Human Environment (Chapter 13 Vocab)
List of vocabulary definitions for chapter 13 in the AP Human Geograohy text book (Eight Edition: People, Place, and Culture)
Terms in this set (35)
Man-made synthetic organic compounds (created in 1950s) used for refrigerants and propelants. It is a chemical substance that depletes the ozone layer
The primeval supercontinent that broke apart and formed the continents and oceans as we know them today (consisted of two parts: northern Laurasia and southern Gondwana)
process by which plants and some other organisms use light energy to convert water and carbon dioxide into oxygen and high-energy carbohydrates such as sugars and starches
loss of diversity through a failure to produce new species
mass destruction of most species
Pacific Ring of Fire
Ocean-girdling zone of crustal instability, volcanism, and earthquakes resulting from the tectonic activity along plate boundaries in the region.
The most recent epoch of the late cenozoic ice age, beginning about 1.8 million years ago and marked by as many as 20 glaciations and interglacations of which the current warm phase.
A period of global cooling during which continental ice sheets and mountain glaciers expand.
sustained warming phase between glaciations during an ice age
The most recent glacial period of the Pleistocene, enduring about 100,000 years and giving way, beginning about 18,000 years ago, to the current interglacial, the Holocene.
the current interglaciation period, extending from 10,000 years ago to the present on the geologic time scale.
Little Ice Age
Temporary but significant cooling period between the fourteenth and the nineteenth centuries; accompanied by wide temperature fluctuations, droughts, and storms, causing famines and dislocation.
The threat to environmental security by human activity such as atmospheric and groundwater pollution, deforistation, oil spills, and ocean dumping.
resources that can regenerate as they are exploited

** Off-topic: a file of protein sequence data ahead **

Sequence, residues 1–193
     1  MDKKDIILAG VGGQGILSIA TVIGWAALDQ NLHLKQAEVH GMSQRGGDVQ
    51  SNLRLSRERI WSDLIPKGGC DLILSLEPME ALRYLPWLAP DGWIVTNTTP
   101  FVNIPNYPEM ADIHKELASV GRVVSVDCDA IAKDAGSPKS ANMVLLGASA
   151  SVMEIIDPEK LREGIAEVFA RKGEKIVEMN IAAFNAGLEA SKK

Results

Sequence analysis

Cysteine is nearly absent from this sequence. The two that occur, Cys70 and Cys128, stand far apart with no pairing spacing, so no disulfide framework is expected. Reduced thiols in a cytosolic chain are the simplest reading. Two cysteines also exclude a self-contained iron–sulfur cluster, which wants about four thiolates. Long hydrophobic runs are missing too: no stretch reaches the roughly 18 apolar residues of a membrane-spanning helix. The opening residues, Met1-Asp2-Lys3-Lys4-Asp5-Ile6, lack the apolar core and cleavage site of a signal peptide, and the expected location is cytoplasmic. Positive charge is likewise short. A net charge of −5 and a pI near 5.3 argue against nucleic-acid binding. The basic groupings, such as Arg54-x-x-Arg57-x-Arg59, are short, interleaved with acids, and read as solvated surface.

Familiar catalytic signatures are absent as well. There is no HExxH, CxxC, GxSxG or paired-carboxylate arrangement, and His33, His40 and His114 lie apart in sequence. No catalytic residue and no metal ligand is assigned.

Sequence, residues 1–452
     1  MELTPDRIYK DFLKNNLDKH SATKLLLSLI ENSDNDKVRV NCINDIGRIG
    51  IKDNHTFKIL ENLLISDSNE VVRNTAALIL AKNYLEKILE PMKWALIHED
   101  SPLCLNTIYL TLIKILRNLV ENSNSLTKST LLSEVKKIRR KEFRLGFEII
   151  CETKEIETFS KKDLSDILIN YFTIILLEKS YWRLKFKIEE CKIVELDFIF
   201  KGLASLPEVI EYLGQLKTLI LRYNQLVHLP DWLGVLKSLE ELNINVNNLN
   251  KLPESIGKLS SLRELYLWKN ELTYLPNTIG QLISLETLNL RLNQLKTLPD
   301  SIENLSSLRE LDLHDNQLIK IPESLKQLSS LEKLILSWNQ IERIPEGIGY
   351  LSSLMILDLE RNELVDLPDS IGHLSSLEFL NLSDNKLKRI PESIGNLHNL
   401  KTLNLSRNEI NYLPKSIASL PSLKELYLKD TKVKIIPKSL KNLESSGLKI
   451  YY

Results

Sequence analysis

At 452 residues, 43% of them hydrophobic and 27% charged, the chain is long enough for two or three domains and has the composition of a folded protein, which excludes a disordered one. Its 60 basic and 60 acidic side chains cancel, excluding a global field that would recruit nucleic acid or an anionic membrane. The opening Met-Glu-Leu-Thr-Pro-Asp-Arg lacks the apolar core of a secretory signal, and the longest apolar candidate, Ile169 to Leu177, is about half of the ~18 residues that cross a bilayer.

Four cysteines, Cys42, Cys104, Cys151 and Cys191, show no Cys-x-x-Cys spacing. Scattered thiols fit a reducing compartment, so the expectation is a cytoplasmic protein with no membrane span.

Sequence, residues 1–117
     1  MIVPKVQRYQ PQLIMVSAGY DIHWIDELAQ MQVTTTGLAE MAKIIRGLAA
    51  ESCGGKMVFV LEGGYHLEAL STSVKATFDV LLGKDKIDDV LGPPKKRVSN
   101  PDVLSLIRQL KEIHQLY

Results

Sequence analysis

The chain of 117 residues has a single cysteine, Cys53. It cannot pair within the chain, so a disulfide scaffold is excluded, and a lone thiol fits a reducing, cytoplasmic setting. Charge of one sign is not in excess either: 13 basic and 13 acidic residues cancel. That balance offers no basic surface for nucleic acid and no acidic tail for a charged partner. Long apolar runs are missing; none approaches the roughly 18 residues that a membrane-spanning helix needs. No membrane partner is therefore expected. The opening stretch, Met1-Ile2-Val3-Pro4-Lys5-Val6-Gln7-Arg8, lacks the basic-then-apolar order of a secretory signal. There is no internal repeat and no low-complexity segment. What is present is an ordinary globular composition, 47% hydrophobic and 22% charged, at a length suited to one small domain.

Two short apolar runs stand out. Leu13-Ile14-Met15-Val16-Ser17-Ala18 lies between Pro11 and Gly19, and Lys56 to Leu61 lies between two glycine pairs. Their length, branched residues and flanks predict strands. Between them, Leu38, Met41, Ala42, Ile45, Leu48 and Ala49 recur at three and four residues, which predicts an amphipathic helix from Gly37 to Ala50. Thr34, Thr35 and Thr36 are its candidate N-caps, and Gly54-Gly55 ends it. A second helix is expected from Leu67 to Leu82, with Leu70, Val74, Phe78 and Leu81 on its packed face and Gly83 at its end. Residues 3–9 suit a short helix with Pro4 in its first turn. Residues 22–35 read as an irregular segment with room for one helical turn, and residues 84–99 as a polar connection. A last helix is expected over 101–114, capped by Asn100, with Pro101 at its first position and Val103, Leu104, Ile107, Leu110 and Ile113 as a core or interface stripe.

The system of exchange involving water in its various forms as it continually circulates among the atmosphere, the oceans, and above and below the land surface.
Subterranean, porous, water-holding rocks that provide millions of wells with steady flows of water.
Blanket of gases surrounding the Earth and located some 350 miles about the Earth's surface
Theory that the Earth is gradually warming as a result of an enhanced greenhouse effect in the Earth's atmosphere caused by ever-increasing amounts of carbon dioxide produced by various human activities.
caused by sulfur and nitrogen that are released into the atmosphere when coal, oil, and natural gas are burned; acidified rainwater severly damages plant and animal life
Cycle whereby natural processes and human activity consume atmospheric oxygen and produce carbon dioxide and the Earth's forests and other flora, through photosynthesis, consume carbon dioxide and produce oxygen.
the clearing of forests to harvest wood for consumption, clear land for agricultural uses, and expanding settlement frontiers
The wearing away of the land surface by wind and moving water.
Non-liquid, non-soluable materials ranging from municipal garbage to sewage sludge; agricultural refuse; and mining residues.
Disposal sites for non-hazardous solid waste that is spread in layers and compacted to the smallest practical volume. The sites are typically designed with floors made of materials to treat seeping liquids and are covered by soil as the wastes are compacted and deposited into the landfill.
hazardous waste causing danger from chemicals and infectious organisms
hazardous-waste-emitting radiation from nuclear power plants, nuclear weapon factories, and nuclear equipment in hospitals and industry.
the total variety of plant and animal species in a particular place
Layer of the stratosphere with a high concentration of ozone; acts as a filter to absorbs most of the Sun's harmful ultraviolet radiation.
Vienna Convention for the Protection of the Ozone Layer
the first international convention aimed at addressing the issue of ozone depletion. Held in 1985, the Vienna convention was the predecessor to the Montreal Protocol.
An international agreement signed in 1987 by 105 countries and the European Union. The protocol called for a reduction in the production and consumption of chlorofluorocarbons of 50% by 2000
- a term used to describe the current geological period, starting from the 18th century when human activities began to impact global climate and ecosystem
Large movable plates under the Earth's surface.
green house effect
The warming of the surface and lower atmosphere of the Earth that occurs when water vapor, carbon dioxide, and gases absorb and radiate thermal energy.
rare earth elements
Seventeen chemical elements that commonly occur together but are difficult to separate. They are commonly used to make high tech electronics and weapons systems.
resources that are present in present in finite quantities